Internet retailer Redbubble has been forced to apologize and pull several of its items for sale after customers pointed out that the skirts, tote bags, and throw pillows featured photos of the Auschwitz concentration camp.

Redbubble bills itself as an artists’ marketplace, where independent retailers can peddle their original clothing, home decor, and fine art designs. Redbubble customers select an artist’s design, and their order is fulfilled through the site’s clearing house based in Australia. In some case, customers select an artist’s work and can then have that design printed on piece of clothing or item of home decor of their choosing.

On Tuesday, the Auschwitz Memorial tweeted at Redbubble about a handful of artist items available on the Redbubble site that featured iconic photos of the concentration and extermination camp, where 1.1 million people were killed by the Nazis before and during World War II.

“Do you really think that selling such products as pillows, mini skirts or tote bags with the images of Auschwitz – a place of enormous human tragedy where over 1,1 million people were murdered – is acceptable? This is rather disturbing and disrespectful,” the memorial tweeted.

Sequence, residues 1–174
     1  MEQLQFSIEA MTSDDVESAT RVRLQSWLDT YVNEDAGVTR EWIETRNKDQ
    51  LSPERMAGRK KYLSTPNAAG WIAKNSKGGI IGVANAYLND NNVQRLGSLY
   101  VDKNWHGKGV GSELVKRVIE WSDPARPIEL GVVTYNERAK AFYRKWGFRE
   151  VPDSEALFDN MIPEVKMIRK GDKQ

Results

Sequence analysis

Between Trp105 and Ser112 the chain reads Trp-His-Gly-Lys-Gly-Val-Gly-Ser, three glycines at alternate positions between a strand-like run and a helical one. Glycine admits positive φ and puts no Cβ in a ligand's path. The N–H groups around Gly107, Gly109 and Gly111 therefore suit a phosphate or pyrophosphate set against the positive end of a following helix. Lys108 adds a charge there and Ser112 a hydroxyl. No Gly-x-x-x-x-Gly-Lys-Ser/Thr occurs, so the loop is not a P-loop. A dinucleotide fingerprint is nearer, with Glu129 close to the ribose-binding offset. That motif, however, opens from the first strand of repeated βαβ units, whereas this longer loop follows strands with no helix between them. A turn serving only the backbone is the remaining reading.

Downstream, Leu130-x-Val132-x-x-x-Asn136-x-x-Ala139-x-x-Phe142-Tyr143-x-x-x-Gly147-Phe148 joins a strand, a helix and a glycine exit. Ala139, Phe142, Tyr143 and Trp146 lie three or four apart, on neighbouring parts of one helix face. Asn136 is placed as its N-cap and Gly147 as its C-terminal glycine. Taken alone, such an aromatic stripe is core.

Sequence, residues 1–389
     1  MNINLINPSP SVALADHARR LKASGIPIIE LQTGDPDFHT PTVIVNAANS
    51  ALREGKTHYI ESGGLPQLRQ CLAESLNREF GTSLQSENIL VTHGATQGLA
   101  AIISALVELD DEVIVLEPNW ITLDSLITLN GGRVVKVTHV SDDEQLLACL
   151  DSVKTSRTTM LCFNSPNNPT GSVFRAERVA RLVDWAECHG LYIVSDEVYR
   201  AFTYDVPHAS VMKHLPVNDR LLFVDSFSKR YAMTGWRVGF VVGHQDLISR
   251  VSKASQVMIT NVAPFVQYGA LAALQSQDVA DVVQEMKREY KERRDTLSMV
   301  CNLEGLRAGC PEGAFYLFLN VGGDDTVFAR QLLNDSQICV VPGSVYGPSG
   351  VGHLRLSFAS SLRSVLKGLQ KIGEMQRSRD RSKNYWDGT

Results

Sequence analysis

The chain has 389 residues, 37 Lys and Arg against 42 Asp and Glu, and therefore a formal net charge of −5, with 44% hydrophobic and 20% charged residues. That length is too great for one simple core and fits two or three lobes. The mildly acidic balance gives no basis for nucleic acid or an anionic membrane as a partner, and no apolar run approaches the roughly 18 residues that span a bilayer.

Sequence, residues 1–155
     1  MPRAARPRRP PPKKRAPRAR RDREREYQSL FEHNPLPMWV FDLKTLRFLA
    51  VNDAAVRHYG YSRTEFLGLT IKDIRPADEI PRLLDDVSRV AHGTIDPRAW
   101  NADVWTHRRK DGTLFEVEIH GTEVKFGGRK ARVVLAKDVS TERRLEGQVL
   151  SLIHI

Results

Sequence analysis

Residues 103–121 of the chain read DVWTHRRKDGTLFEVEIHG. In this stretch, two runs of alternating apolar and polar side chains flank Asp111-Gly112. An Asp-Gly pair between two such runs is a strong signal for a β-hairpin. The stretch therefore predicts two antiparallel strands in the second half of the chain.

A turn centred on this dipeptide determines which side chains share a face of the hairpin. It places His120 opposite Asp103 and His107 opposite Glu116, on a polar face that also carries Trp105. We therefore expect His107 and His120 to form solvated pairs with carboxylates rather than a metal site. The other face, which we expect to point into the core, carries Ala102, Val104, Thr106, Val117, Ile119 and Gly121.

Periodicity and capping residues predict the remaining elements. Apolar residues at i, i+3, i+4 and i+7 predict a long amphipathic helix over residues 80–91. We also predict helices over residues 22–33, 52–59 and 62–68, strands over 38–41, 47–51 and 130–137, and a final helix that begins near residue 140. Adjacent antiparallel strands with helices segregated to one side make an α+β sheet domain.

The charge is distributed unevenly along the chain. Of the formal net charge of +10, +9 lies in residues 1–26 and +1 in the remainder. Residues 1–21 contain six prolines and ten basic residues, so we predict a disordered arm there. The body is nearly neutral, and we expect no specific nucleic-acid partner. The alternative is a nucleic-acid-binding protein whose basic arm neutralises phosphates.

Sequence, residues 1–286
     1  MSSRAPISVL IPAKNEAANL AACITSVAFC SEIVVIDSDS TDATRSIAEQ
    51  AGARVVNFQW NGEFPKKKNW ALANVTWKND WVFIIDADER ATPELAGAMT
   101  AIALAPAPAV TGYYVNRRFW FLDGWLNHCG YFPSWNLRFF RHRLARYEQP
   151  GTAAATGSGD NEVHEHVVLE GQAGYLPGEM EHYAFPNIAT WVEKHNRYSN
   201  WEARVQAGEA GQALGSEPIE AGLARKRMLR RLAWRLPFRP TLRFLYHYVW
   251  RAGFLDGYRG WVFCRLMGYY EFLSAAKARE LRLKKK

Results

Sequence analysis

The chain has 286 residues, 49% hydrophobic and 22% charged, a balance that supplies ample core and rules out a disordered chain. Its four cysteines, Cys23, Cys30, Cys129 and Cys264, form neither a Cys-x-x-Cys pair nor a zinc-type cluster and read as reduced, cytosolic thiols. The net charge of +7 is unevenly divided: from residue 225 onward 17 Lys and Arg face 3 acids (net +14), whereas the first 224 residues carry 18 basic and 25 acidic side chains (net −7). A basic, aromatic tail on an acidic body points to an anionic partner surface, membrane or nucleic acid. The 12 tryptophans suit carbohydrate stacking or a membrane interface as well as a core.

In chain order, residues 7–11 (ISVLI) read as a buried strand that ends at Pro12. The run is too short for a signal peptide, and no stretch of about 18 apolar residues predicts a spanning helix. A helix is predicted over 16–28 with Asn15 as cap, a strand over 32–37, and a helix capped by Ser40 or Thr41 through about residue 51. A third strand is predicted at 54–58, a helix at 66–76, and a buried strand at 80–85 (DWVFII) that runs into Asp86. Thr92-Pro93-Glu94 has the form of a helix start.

The items included a miniskirt emblazoned with the horrifying image of the camp’s crematorium and smokestacks; a pillow with a shot of the camp’s iconic railroad tracks, where thousands of cattle cars full of Jewish prisoners were unloaded and processed, with many of the occupants sent straight to their deaths in the camp’s gas chambers; and a tote bag with a photo of a sign warning interlopers of the camp’s electrified fence.

Redbubble responded by acknowledging that the products did not meet their quality standards.

“Thank you for bringing this to our attention,” the company tweeted. “The nature of this content is not acceptable and is not in line with our Community Guidelines.”

“We are taking immediate action to remove these and similar works available on these product types,” they continued, though they eschewed responsibility for the images, adding that their site “is the host of an online marketplace where independent users take responsibility for the images they upload.”

Redbubble, it seems, takes a hands-off approach to “controversial” material sold on its site. According to the site’s guidelines, the site’s administration “welcome[s] artists of all experience levels and walks of life,” and “Redbubble asks that you do not seek or engage with content you don’t agree with (no need for troublemaking).”

The Auschwitz Memorial acknowledged late Tuesday that the items had been removed, but the group made sure to point out a handful of other items on Redbubble’s site that show a lack of respect for victims of the Holocaust. Those items, Redbubble says, are under consideration.

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